Monday, March 23, 2009


When we remember our childhoods, do we tend to remember the happy moments, the joyful good times, forgetting those moments when we were sad or unhappy? Do memories of the bad times fade over time and leave you with a rosy past, sprinkled with rosebuds and lit by sparkling stars?

I can remember that, when my feelings were hurt, I would go to the sunny side of the old, weathered farmhouse, lean back against the scratchy, yellowed planks, bury my head in my lap and sob. This always attracted the dogs, who would gather around me, offering sympathy. Puppy would put his nose in my face and snuffle as though he were afflicted with asthma, undoubtedly telling me to cheer up and get over it. Even Jake, that inveterate grouch and miserable thief, would sit by my side and lean his old grizzled hound head against my shoulder.

The only ones that ever gave me any sympathy were the dogs. Mom was always busy in the kitchen and was always unaware that I was unhappy. Pop would walk out into the field, because he had absolutely, positively no patience with anyone nursing hurt feelings. He thought the antidote for every pain, every ill, every argument was a walk in the fields. Somehow, his fields gave him a comfort that shielded him from human problems. They spoke to him and reached up to him as he walked. He always wore that floppy, stained brown fedora on his balding head, a fringe of white hair gleaming beneath its folds, his leathered, weathered skin belying a lifetime of sunlight and furrowed earth.

I was alone with my pain and anger. I could not even get sympathy from the crowd of brothers and sisters around me. Bud would tell me to straighten up and forget it. Hubert would tease me. Deed would harass me. My sisters would tell me it was my own fault, that if I hadn't acted like a brat, I would not feel like such an injured party.

These were the times I resented the mob of adults around me, bossy as they were. I dreamed of being an only child, the spoiled, adored and pampered daughter of two doting parents....maybe even royalty, raising me to take my rightful place on the throne.

At other times, I was filled with delight over the antics of my sisters and sisters-in-law, who would include me on excursions and trips, berry-picking, or venturing into town. One time, my sisters-in-law even included me on an overnight trip to a Northern Michigan cabin, which would include a much-heralded fishing trip in Jewell's pontoon boat.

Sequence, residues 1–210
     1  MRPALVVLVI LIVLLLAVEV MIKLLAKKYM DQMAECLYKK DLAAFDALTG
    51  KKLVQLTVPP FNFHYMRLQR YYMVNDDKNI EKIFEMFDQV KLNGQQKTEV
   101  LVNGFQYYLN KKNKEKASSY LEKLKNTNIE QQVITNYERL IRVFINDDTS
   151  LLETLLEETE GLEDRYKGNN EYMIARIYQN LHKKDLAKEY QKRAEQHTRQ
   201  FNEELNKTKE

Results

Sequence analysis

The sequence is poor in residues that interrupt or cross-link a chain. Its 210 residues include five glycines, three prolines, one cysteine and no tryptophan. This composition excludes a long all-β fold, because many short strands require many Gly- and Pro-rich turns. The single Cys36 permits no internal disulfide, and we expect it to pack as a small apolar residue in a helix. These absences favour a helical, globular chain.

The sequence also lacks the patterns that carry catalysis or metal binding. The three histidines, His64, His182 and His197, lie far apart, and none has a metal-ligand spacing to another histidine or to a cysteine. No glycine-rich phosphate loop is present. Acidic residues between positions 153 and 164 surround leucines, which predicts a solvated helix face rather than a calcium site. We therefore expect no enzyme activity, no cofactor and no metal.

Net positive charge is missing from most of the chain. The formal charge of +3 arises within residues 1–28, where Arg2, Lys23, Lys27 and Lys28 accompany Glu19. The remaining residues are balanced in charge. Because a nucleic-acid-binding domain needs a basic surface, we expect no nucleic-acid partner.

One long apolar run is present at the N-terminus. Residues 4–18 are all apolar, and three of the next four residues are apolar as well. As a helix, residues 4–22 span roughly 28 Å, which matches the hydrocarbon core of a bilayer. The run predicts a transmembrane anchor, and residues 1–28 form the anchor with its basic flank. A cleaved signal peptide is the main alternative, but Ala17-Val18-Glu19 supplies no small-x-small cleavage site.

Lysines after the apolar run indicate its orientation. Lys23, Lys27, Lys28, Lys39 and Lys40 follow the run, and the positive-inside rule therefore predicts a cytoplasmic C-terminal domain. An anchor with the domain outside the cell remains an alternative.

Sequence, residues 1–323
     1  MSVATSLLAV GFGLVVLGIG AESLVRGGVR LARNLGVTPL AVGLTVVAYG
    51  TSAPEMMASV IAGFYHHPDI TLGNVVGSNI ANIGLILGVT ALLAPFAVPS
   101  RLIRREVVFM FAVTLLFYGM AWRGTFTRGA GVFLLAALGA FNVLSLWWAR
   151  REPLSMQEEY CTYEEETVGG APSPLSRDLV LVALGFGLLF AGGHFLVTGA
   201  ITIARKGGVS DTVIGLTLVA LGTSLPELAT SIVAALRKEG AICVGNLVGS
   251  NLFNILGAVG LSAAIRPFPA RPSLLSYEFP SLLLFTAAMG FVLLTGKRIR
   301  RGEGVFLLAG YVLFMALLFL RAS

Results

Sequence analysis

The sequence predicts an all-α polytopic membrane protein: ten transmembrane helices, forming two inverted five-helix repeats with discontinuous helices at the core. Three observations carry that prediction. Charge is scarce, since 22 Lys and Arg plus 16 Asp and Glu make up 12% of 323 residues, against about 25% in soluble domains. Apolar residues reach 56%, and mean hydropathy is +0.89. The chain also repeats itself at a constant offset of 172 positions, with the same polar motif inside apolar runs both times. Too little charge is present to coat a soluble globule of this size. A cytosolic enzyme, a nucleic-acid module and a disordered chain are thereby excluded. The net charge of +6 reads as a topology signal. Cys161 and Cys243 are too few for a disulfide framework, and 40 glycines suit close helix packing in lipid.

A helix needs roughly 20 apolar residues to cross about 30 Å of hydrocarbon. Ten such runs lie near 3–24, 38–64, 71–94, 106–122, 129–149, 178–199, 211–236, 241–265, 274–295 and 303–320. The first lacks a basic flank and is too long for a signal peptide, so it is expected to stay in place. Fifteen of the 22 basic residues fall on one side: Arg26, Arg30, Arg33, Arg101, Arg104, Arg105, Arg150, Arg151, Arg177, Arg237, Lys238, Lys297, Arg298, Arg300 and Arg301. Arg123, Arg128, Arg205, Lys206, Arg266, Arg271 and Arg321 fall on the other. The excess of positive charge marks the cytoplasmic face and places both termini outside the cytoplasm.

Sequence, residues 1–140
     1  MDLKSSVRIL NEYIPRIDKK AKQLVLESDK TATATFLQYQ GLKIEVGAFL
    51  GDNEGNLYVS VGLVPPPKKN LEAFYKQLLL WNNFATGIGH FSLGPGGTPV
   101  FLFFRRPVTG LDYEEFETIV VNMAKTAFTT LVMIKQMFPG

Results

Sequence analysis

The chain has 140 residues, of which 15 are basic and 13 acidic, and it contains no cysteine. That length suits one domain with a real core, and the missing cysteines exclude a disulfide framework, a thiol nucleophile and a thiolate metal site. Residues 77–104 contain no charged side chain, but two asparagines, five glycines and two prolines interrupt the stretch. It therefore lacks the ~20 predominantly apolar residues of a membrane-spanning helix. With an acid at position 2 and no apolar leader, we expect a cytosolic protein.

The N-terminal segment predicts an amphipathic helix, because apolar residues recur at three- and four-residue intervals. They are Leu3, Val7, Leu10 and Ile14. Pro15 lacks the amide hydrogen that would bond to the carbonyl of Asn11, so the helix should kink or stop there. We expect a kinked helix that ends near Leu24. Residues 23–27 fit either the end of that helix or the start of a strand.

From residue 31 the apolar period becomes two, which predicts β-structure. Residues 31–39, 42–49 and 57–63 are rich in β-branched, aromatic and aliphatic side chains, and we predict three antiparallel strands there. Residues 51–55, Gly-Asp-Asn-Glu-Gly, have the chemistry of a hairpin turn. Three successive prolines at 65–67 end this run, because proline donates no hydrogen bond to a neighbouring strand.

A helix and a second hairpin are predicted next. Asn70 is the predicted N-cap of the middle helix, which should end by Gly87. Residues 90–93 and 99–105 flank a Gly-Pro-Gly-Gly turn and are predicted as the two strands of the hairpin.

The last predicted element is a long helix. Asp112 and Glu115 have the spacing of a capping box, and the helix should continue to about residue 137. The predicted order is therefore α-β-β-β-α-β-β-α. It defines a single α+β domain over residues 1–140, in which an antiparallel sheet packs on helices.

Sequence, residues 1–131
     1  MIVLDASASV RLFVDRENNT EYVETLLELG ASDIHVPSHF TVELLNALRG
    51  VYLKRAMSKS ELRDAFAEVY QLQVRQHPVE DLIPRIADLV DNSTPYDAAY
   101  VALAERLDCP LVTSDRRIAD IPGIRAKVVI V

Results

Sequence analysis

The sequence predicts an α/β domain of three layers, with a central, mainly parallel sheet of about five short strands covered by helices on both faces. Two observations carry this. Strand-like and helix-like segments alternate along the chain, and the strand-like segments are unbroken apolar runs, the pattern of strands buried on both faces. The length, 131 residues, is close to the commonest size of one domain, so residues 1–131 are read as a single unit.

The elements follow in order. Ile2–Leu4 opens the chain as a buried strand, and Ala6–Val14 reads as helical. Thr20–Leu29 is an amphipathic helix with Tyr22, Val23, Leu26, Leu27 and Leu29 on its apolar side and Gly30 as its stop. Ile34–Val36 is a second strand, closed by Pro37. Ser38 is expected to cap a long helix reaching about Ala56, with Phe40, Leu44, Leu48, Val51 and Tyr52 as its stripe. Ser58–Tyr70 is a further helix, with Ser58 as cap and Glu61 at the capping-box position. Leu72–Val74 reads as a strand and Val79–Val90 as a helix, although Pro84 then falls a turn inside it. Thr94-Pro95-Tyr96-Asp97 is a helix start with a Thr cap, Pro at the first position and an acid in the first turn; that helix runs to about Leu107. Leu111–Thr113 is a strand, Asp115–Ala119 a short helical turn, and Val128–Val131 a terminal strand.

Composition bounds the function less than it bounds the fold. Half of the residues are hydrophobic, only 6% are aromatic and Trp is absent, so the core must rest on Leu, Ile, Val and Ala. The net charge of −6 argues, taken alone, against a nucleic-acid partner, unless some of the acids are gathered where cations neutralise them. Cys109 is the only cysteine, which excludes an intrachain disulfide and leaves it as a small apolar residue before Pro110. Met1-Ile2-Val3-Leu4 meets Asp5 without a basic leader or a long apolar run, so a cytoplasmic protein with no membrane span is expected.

The pontoon belonged to Jewell, who wore a special Captain's hat when she boarded it, instead of the old, ragged fisherman's hat that she usually wore. Along with us were Connie and Gerry and we had spent the night in Jewell's northern cabin and had gotten up early to climb aboard the huge pontoon, which Jewell claimed she could expertly drive.

Sure enough, the motor started at the first pull of the rope wrapped around it. It was placed on the back of the boat, extending down toward the water. The steering wheel was mounted on a stand just a few feet away from the boat's rear. Jewell, her Captain's hat in place, steered us out into the waters of a huge lake, so big one could hardly see the distant shore. The lake was lined by palatial homes and a flotilla of huge boats were tethered along the shore.

As we reached the middle of the lake, Jewell discovered we were out of gas. Our pontoon started drifting along, bobbing with the waves. Then it became clear to us that, not too far away and looming at us like a glimpse of Niagara, was a tumbling, bubbling, frothing falls, filled with rocks that stuck up out of the water like prophets of doom!

We were helpless. All we could do is slap at the water with a couple of oars we found located in a corner. Connie and I were the ones manning the oars, as Geraldine sat below the rail, worried about her hairdo, and shaking her head in despair.

Paddling frantically, we miraculously got the boat near shore, where there were several rocks sticking up out of the water.

"You're the youngest and most agile," said Jewell. "Herma, run to that gas station and get some gas!"

What? I couldn't swim, associated water with man-eating snakes, and would have to dance across rocks like a ballet dancer to reach shore! However, I took the gas can in hand and, somehow, jumped from rock to rock and, with one giant leap, touched shore. In the meantime, the boat kept drifting perilously toward a huge yacht anchored nearby. A man stood on the balcony of a home watching as our pontoon lumbered its way into the yacht, pounding on its side with every passing wave.